It seems that the rapid pace in the development of supercomputers has ground to a halt.
The group that measures the world's Top 500 fastest supercomputers hasn't crowned a new champion in more than a year because no one has built anything sexy for a while.
Tianhe-2, of China’s National Super Computer Centre, took over the top spot in June 2013 with a measured speed of 33.86 petaflop/s, and it held on to #1 in both the November 2013 list and the June 2014 list released yesterday.
Chinese supercomputer clocks in at 33.86 petaflops so you have to go really fast to break the record. The follow-up to Tianhe-1A, Tianhe-2 uses Ivy Bridge-based Intel Xeons and Intel Xeon Phi and can theoretically hit speeds of up to 54.9 petaflops.
To be fair this is not the first time that the list has not been altered.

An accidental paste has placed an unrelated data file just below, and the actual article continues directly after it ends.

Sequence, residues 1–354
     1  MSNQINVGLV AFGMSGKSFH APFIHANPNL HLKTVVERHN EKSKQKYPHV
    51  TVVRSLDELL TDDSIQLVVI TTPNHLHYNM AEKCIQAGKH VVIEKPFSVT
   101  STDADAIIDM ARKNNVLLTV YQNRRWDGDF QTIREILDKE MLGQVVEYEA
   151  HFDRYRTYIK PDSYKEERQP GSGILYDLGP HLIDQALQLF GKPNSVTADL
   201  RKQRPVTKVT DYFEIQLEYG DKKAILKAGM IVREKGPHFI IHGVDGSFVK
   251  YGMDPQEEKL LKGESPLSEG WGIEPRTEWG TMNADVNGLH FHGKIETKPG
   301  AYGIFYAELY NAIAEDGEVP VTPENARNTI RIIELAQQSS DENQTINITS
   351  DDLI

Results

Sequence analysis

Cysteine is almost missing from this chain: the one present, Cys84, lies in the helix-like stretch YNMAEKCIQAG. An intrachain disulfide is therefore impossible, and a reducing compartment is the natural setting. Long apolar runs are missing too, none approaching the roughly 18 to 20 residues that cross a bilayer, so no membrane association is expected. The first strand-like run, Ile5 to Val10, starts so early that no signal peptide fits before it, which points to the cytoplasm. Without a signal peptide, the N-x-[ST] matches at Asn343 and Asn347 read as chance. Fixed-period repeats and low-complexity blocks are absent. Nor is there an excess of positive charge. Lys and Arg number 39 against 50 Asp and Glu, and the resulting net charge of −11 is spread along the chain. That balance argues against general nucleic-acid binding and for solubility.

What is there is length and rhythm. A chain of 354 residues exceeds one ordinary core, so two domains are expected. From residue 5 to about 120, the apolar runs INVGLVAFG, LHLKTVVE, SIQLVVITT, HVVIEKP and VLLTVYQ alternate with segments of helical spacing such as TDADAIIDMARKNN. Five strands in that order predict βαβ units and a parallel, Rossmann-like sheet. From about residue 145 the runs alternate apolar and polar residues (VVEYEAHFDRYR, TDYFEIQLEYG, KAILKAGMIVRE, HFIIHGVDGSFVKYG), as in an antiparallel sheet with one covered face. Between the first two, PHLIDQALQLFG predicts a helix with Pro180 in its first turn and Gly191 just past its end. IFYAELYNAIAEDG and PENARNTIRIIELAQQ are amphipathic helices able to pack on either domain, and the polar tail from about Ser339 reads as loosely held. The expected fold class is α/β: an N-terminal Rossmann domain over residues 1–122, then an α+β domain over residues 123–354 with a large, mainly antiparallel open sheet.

IBM's US-based Roadrunner, the first petaflop machine, won three straight titles from June 2008 to June 2009 before losing its crown. But his list is unusual in that the top nine machines are identical to those from six months ago.
The bottom of the Top 500 is seeing less turnover and growth than usual.
The only new entry in the top 10 "was at number 10—a 3.14 petaflop/s Cray XC30 installed at an undisclosed US government site," the Top 500 project leaders wrote.